I’ve lived in this city for four years now, so am officially declaring myself a stalwart of Edinburgh culture – a large chunk of which is defined by the annual frenzy that descends on the capital come August. That’s right readers, Fringe season is almost upon us.
I absolutely love the festival. I love the way Edinburgh comes alive with weird and wonderful people, acts, shows and events for a whole 3 weeks.
Trying to get anywhere in a hurry during that time though? Nat so much.
With this in mind, I’ve put together a survival guide for any new Edinburghers experiencing their first Festival living in the city. Here are my 9 snippets of humble Fringe wisdom.
1. Do not take the bus anywhere.
Seriously. During the Fringe the population of Edinburgh doubles – as a result, some aspects of our travel infrastructure are affected. Basically, get on a bus in central Edinburgh in August and expect to be there for a loooong time. Pigeons overtake you (seen with my own eyes). My suggestion would be to walk and soak up the atmosphere. Granted, power walking isn’t likely to be effective with the amount of dawdlers around, but the bus is the same or worse, and you end up in a bad mood. Best avoided.
2. Be organised (but not too organised.)
It’s easy to be complacent when you live here, but there are too many good shows I’ve missed from thinking I’ll get round to booking it – cue, the festival ends and I’ve seen nothing. The half price hut, normally located outside the Scottish National Gallery, is a good compromise for last minute Larrys, and the app is worth downloading to keep track of it all too. But the festival is also all about spontaneity too, so don’t go too hard on the old organised fun.
3. Have at least one big night out.
The festival license means places stay open at least two hours longer than usual (so 5am in some cases), and a lot more cool venues are available to check out, so make the most of it!
4. Be prepared to queue. Everywhere.
That’s all I’ve got to say about that one really. Maybe don’t turn up to a show with minutes to spare?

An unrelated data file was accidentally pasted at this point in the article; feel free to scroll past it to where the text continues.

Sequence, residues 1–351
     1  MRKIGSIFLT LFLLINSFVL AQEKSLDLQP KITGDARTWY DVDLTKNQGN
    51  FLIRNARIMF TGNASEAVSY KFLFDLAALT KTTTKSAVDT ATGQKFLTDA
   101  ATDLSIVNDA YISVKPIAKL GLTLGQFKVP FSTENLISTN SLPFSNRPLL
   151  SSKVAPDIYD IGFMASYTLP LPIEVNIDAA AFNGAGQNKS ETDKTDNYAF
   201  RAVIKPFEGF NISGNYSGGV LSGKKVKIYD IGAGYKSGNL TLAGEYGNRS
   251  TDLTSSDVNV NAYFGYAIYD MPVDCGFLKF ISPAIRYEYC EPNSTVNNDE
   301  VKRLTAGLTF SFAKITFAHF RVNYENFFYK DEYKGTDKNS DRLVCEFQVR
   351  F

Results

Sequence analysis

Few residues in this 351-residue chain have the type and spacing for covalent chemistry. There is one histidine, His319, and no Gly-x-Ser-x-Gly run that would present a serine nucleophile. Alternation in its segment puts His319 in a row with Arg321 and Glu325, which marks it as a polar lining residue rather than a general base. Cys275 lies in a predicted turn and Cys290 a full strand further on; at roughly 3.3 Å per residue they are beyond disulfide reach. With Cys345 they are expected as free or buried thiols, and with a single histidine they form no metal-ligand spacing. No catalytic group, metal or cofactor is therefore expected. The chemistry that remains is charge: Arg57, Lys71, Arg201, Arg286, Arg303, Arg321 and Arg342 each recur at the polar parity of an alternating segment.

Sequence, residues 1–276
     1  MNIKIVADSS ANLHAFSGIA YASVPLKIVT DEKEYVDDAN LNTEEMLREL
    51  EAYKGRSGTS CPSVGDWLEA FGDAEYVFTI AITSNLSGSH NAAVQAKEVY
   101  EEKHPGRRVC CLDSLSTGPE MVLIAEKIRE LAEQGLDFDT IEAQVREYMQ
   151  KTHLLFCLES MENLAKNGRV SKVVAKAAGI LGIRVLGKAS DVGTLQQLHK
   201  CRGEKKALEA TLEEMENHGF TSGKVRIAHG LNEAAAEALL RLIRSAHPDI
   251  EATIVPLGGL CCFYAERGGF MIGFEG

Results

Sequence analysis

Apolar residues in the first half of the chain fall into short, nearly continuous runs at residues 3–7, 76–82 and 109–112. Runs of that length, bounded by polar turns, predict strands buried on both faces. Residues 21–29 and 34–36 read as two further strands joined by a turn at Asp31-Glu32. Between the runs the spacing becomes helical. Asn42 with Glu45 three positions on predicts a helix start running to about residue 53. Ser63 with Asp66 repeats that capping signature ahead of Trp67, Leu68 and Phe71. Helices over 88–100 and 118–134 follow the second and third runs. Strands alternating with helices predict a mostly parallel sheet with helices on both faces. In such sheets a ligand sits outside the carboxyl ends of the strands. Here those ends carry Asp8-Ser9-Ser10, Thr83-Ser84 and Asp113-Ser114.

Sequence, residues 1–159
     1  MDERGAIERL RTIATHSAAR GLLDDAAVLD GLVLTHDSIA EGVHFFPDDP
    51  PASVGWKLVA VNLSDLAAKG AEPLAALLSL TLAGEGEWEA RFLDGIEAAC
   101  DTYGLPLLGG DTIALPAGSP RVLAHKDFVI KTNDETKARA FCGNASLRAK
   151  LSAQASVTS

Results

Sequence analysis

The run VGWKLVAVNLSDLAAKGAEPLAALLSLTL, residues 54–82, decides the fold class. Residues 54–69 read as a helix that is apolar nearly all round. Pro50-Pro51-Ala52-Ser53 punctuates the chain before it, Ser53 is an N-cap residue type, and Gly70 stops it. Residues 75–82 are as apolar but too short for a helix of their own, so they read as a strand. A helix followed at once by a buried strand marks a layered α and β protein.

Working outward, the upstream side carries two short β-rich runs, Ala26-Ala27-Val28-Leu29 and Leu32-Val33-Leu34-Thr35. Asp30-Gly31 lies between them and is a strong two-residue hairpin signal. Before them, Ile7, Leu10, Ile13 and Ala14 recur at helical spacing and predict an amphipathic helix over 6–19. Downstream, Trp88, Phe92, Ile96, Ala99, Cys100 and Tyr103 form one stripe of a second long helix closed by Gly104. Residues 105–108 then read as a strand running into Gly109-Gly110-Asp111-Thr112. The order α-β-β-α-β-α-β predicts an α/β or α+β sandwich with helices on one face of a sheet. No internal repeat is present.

5. Take an umbrella.
Even if it starts off sunny, remember: we are in Scotland. And there isn’t anything much more miserable than standing in said queues in the pouring rain. It happened to me circa 2007 and I’m not sure I’ve ever fully recovered.
6. And a hoodie.
You spend a lot of time outdoors during the festival and while it’s summer, again, we are in Scotland and once that sun goes down, the temperature takes a nose dive. So take something warm if you know you’re going to be sitting in one of the festival’s many outdoor areas!
7. Cash up.
Although a lot of the shows are free, it’s courtesy to leave a fiver in their tips collection at the end. Also some food and drink stalls don’t take card – and you cannot festival without beer and street food. Catching ubers can also be pretty extortionate (and slow – see point 1), so in case you need to grab an old-school cab, best to have a non-plastic form of payment on you.
8. Do NOT get over-excited when you see a celebrity.
After one too many drinks in the Gilded Balloon, I came face to face with a well-known comedian. And, er, told him who he was. He looked at me scathingly, muttered “fir fuck sake” and turned his back on me. Three years later, I still cringe every time I think of this. Stay cool out there, people.
9. Explore outside the city.
If it all gets too much, remember Edinburgh ain’t the only Fringe in town. North Berwick hosts Fringe By the Sea every year, which has music, food and drink, can be a welcome break from the assault of the Royal Mile. It’s a really arty community there and has a pretty chilled out vibe for days when you still wanna soak up some culture but cba with being in the city.